With official inflation at 4,530 per cent, the cost of essential goods and services is increasing every day, in some cases doubling. The country is facing critical shortages of drugs, key health and education staff, and has entered another drought year.
“Everyday in Zimbabwe the basic elements required for a healthy and happy childhood –affordable education, three meals per day, clothing and shelter – are being pushed out of reach for people,” said UNICEF’s Representative in Zimbabwe, Dr. Festo Kavishe.
Last month Zimbabwe’s Central Statistics Office said the basic ‘family food basket’ for a family of six cost US$100. However, a teacher’s salary equates to just US$18 per month, and that of a nurse $20. Unemployment is reported at more than 70 per cent.
And yet, amid these colossal hardships, significant accomplishments have been made. Ninety-five per cent of orphans continue to be absorbed by the extended family, while last year Zimbabwe became the first country in Southern Africa to record a fall in the HIV rate (from 24.6 per cent to 20 per cent).
Working across Zimbabwe in areas of child protection, education, health & nutrition, water & sanitation, and HIV prevention, UNICEF says Zimbabweans have been nothing short of miraculous in attempting to cope with the current economic crisis and in caring for their children.
“This country is full of heroes,” said UNICEF’s Kavishe. “The grandmothers who work 18 hour days to keep half a dozen orphaned grandchildren in school, the volunteers who devote their time to caring for those racked with pain from AIDS but without drugs, the millions of Zimbabweans who just refuse to give up hope.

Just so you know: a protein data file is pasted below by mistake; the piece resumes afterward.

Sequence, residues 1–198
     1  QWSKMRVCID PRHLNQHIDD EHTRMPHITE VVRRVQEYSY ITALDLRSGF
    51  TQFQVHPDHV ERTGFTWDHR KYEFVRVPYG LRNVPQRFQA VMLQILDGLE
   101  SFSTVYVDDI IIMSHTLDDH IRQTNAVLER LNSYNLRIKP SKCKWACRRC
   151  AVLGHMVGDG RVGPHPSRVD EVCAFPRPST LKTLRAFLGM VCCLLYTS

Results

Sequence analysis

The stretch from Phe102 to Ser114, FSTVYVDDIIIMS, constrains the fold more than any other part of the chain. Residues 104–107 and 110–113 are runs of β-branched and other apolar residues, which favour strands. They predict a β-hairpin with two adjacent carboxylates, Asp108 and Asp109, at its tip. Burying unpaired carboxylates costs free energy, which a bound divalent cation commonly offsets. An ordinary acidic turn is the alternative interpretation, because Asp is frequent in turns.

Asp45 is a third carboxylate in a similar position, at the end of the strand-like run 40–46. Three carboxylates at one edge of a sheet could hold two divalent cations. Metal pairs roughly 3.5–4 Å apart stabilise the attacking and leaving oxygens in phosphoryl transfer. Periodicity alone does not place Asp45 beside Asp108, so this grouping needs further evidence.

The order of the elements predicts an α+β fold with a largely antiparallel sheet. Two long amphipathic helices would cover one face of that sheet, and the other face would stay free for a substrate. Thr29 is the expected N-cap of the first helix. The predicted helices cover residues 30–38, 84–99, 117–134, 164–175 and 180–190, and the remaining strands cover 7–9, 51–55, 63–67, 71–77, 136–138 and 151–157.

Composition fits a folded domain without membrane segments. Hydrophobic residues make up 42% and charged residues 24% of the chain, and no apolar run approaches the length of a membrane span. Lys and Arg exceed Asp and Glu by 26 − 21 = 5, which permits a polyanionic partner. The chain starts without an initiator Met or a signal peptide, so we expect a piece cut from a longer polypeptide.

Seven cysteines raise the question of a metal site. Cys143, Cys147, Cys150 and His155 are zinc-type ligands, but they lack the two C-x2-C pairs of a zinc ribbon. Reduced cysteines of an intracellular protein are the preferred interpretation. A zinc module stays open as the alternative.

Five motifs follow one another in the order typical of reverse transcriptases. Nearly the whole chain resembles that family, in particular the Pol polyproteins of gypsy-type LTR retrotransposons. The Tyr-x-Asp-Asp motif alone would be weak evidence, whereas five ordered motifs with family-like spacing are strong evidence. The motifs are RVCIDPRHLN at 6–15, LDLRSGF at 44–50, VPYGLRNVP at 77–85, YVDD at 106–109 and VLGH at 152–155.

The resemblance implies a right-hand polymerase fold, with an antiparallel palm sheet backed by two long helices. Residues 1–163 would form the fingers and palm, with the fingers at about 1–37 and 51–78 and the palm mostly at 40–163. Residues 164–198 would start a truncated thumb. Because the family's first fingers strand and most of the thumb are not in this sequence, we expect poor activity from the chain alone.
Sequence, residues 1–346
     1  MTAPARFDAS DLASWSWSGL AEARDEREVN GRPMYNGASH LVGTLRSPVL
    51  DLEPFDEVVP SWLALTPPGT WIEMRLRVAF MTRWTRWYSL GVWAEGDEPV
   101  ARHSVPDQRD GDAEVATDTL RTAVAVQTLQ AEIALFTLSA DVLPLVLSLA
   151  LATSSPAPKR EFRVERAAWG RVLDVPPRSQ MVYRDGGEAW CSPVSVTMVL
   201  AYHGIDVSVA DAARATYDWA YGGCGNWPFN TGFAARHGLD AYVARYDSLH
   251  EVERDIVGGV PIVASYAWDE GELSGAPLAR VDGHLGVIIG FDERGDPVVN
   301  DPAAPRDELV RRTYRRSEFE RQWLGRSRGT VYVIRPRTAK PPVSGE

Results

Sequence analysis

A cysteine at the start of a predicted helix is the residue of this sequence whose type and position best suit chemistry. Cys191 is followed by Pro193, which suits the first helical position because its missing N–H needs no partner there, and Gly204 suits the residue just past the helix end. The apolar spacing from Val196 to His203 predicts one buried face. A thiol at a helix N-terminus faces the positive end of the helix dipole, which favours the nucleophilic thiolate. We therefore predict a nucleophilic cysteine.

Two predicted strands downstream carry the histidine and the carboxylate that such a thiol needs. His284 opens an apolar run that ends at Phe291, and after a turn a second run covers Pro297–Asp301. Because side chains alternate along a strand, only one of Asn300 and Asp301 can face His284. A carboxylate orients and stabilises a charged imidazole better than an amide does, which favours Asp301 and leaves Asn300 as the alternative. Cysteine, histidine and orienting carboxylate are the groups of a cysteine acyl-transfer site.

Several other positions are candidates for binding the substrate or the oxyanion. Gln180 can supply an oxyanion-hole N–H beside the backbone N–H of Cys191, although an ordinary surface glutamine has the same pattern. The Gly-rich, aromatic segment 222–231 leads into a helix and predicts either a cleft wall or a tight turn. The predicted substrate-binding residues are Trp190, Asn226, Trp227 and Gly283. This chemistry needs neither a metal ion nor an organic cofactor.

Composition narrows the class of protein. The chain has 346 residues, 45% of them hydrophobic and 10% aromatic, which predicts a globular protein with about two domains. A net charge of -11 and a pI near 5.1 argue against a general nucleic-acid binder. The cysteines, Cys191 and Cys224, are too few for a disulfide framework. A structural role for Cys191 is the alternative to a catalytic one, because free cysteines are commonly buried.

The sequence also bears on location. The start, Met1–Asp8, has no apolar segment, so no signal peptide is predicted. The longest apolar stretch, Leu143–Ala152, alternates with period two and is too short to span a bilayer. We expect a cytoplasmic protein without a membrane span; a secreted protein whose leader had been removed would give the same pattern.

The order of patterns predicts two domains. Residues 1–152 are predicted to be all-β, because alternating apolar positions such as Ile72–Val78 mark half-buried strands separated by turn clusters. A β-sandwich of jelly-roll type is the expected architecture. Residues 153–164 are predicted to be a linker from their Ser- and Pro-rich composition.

“However, we have entered a new phase of hardship. These are people who forgo bread for books so as to keep their children in school, who are uncomfortable with putting their hand out, but their options are exhausted.”
In the past two years, with generous funding from the UK’s Department for International Development, the European Commission, and the Governments of Sweden, Germany, New Zealand, and Australia, UNICEF has increased the number of orphans it reaches from 50,000 to 500,000. However, critical programmes in HIV-prevention, health, nutrition and education remain less than 20 per cent funded.
“Resources are needed so the gains painstakingly achieved for children can be protected and more progress can be made,” said UNICEF’s Kavishe. “We know that we can have a major impact on the well-being of children and women by targeting our support directly to families and communities. But those families have cut from three meals a day to two, and now from two to one-and-a-half. Without support what does a family do from there?”
UNICEF is on the ground in over 150 countries and territories to help children survive and thrive, from early childhood through adolescence. The world’s largest provider of vaccines for developing countries, UNICEF supports child health and nutrition, good water and sanitation, quality basic education for all boys and girls, and the protection of children from violence, exploitation, and AIDS. UNICEF is funded entirely by the voluntary contributions of individuals, businesses, foundations and governments.
For further information/enquiries please contact:
James Elder, UNICEF Zimbabwe Chief of Communications, 263 912 276 120, email@example.com
Patrick McCormick, UNICEF Media New York, 1 212 326 7426, firstname.lastname@example.org
Veronique Taveau, UNICEF Media Geneva, +41 22 909 5716, email@example.com